Aotearoa New Zealand is often described as a site of tolerant, humane and (relatively) non-violent settler colonization, a model bicultural nation, yet this claim is propped up by regimes of collective memory that continue to marginalize, elide or silence public memories about indigenous people and places. For example, in late 2007 a statue of Gandhi was erected at Wellington Railway Station, a prominent site in the national capital yet there are no statues of New Zealand's own heroes of passive resistance, Te Whiti o Rongomai and Tohu Kakahi, who led a large, anti-colonial nineteenth century community at Parihaka, on the West Coast of the North Island. This article argues that Gandhi's bronzed permanence may be contrasted with the impermanence of his non-violent Maori forerunners and it uses family, local and national histories to explore why a global nonviolent superstar is so much easier to accommodate, recall and unveil than a couple of difficult little indigenous nobodies and their white-feathered followers. Gandhi was a leader whose work was completed but the Parihaka leaders are still dangerous, threatening figures whose actions continue to make demands on the nation-state and whose protests and teachings destabilized and continue to destabilize cherished stories of New Zealand as a tolerant nation where peace and non-violence are the rule.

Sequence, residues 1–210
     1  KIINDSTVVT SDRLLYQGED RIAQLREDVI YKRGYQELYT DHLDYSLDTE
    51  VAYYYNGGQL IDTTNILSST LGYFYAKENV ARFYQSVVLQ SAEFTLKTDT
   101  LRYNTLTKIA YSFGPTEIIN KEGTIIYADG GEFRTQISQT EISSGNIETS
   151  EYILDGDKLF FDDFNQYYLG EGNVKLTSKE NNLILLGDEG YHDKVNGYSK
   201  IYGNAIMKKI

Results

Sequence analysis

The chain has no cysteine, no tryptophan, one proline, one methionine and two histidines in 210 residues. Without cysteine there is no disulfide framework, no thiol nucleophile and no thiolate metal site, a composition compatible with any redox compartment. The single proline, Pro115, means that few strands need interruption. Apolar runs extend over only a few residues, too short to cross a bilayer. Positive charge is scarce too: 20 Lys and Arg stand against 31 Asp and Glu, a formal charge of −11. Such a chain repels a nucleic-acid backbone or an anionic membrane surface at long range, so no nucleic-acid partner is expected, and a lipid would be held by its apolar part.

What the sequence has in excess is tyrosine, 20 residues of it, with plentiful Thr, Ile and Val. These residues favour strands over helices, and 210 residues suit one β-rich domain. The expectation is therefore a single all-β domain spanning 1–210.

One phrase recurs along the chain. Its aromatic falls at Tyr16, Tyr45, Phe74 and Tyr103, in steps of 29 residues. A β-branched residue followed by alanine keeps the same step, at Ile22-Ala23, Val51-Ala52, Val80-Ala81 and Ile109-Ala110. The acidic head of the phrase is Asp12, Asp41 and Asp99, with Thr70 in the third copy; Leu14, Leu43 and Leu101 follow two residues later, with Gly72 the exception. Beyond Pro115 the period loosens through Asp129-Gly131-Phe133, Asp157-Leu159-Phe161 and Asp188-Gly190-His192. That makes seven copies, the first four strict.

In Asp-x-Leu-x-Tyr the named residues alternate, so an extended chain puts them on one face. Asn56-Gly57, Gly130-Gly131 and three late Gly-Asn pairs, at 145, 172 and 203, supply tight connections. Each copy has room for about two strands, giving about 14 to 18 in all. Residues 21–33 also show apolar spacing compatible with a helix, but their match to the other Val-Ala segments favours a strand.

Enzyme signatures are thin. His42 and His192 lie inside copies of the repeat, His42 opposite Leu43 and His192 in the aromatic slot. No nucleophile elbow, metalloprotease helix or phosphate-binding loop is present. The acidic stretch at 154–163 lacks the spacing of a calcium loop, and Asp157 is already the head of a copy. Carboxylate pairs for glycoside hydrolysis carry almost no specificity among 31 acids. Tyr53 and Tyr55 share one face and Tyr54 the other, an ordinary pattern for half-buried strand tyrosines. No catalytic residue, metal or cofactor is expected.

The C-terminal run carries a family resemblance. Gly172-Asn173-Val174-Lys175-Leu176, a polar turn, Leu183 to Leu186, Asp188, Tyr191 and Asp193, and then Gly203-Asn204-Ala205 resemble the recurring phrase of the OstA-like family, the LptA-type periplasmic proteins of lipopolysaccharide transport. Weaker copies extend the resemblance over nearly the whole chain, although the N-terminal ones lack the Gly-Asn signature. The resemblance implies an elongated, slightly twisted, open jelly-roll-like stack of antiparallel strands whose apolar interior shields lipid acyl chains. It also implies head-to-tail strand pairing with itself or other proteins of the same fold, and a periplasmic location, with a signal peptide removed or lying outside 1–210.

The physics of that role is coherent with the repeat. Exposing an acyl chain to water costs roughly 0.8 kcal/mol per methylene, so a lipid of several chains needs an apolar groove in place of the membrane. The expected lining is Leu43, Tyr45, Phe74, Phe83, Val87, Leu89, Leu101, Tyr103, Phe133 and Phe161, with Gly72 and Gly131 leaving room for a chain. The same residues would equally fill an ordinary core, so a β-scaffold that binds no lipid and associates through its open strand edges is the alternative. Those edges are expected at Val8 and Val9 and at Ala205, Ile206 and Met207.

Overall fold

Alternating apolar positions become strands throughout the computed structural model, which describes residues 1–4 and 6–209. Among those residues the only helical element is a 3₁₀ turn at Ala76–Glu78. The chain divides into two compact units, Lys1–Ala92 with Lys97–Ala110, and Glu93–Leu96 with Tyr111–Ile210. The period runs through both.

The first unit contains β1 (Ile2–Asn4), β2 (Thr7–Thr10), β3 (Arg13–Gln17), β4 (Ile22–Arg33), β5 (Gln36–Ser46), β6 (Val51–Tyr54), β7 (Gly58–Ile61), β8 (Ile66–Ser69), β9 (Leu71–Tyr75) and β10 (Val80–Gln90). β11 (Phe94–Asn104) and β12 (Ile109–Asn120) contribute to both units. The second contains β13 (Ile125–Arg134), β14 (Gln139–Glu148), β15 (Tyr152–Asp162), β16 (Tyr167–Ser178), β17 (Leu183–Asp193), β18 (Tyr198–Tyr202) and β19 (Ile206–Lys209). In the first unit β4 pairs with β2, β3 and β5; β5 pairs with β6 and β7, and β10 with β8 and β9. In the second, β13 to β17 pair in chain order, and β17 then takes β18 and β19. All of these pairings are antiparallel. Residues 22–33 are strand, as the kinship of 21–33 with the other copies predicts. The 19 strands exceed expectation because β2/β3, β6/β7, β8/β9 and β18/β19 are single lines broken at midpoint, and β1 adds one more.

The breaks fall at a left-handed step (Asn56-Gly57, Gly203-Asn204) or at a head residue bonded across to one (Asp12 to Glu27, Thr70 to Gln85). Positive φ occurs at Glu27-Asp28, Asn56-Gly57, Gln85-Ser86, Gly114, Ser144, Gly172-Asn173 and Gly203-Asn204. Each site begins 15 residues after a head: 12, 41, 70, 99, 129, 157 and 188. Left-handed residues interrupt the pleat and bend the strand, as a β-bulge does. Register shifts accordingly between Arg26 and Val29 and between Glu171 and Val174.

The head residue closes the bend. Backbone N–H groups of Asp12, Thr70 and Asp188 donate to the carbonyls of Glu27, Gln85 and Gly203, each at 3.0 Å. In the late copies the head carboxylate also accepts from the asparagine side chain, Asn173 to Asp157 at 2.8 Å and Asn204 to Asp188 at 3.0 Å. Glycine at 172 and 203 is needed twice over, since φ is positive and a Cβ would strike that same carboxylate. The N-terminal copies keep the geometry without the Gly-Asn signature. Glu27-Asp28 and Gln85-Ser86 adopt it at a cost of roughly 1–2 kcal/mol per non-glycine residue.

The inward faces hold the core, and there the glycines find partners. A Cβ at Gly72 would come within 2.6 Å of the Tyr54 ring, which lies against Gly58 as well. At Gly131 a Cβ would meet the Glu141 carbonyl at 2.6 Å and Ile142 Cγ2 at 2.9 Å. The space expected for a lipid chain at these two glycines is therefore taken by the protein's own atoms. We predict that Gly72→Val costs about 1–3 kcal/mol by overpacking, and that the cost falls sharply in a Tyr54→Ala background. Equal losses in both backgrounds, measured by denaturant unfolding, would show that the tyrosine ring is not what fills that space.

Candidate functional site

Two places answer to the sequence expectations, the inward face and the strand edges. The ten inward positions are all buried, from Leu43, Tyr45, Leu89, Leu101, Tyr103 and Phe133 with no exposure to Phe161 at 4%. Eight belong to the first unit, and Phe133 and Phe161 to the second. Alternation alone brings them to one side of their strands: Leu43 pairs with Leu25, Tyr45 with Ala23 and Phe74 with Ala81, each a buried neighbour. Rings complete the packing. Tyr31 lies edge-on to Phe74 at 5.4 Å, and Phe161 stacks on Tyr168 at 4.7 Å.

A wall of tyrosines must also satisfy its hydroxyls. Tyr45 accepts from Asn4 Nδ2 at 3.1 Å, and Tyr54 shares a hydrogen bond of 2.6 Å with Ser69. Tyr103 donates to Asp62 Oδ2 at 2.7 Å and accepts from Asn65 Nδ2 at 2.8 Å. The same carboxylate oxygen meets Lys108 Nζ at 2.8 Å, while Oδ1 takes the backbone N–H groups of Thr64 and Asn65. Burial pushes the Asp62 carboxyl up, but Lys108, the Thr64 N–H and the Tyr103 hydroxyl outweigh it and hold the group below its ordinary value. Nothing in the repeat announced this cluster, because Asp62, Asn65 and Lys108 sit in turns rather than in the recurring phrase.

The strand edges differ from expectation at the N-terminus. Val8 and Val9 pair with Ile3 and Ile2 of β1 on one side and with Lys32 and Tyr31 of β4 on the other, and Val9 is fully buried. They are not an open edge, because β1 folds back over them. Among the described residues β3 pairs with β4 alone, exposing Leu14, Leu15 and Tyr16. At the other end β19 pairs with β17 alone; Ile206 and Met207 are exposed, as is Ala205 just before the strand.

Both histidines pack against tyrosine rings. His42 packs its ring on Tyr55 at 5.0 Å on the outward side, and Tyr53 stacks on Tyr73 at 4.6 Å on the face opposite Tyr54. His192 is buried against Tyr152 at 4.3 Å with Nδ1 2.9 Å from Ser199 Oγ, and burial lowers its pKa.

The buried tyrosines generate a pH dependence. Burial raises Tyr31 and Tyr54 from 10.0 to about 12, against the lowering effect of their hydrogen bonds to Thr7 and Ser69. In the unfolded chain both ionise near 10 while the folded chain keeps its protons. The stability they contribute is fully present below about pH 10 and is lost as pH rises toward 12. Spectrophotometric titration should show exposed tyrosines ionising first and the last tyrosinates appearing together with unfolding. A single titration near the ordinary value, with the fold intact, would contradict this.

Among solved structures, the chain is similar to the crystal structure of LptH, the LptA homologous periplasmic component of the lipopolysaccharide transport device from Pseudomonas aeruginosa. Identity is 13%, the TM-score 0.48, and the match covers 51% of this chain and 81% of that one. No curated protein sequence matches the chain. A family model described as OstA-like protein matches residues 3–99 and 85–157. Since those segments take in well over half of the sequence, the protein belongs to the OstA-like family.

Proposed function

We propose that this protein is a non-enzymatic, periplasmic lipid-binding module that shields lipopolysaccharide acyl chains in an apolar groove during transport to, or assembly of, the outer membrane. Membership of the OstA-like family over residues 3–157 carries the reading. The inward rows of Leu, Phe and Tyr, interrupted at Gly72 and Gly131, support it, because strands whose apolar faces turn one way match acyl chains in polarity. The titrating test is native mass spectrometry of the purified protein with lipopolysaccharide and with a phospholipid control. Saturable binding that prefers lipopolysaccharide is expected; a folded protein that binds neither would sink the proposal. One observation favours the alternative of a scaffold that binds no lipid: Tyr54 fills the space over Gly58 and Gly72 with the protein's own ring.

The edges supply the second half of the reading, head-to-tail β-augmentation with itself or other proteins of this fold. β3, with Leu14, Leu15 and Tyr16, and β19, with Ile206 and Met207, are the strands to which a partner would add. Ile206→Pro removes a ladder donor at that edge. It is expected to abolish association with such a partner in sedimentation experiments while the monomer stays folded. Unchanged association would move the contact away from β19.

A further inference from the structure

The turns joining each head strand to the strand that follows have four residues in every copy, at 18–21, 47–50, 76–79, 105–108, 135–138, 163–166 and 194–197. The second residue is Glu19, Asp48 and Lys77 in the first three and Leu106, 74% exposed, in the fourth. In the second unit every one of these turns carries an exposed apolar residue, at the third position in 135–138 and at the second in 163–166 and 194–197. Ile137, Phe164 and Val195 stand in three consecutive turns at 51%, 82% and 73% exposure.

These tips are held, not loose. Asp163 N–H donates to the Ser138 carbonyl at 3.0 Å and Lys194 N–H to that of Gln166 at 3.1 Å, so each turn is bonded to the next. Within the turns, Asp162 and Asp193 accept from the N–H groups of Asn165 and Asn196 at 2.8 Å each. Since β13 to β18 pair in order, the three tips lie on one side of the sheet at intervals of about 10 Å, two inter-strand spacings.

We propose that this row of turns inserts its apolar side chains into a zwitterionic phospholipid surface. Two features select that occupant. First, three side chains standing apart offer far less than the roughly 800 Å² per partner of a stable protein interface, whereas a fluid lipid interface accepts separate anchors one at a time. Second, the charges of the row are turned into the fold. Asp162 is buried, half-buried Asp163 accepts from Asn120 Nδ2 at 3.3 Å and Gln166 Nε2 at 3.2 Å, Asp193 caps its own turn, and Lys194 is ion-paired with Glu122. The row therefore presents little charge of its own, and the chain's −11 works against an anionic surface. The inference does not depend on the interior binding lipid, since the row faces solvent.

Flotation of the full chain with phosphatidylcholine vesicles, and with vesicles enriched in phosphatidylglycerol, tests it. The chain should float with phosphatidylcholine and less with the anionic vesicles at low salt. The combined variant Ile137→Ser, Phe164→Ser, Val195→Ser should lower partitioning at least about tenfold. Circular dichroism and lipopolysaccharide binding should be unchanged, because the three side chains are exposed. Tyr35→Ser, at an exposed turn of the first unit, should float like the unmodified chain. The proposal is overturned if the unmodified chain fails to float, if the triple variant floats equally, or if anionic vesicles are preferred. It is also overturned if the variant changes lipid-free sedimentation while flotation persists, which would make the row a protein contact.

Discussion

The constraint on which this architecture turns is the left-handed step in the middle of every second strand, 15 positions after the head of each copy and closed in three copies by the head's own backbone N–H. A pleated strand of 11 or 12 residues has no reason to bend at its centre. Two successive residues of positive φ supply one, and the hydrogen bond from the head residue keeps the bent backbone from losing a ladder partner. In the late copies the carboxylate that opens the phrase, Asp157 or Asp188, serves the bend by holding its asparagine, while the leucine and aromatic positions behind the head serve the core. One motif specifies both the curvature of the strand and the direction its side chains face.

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pp. 1077-1093
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